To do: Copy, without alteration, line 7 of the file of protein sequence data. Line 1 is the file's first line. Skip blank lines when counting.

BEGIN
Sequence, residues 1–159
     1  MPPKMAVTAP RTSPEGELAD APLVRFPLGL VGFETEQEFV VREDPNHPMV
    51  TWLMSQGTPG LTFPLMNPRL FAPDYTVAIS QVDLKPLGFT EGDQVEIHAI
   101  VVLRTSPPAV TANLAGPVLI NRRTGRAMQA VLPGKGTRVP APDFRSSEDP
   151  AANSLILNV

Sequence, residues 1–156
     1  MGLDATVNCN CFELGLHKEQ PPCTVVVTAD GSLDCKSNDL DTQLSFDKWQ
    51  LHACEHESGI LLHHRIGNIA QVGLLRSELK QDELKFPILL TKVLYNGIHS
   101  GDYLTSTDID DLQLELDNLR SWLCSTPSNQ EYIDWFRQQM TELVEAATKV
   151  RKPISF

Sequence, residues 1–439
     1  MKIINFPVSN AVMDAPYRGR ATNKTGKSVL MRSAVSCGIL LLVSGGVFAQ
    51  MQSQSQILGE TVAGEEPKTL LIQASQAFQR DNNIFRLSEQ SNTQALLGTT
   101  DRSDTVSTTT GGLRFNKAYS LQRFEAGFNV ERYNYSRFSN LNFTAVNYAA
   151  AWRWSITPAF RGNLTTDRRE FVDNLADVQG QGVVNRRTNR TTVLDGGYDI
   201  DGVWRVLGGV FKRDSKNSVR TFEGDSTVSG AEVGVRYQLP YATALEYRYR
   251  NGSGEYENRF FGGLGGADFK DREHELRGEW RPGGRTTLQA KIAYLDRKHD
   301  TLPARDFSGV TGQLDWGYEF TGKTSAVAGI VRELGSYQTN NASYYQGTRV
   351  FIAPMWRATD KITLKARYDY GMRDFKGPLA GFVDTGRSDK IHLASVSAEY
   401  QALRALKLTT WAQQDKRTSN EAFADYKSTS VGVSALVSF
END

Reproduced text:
     1  MGLDATVNCN CFELGLHKEQ PPCTVVVTAD GSLDCKSNDL DTQLSFDKWQ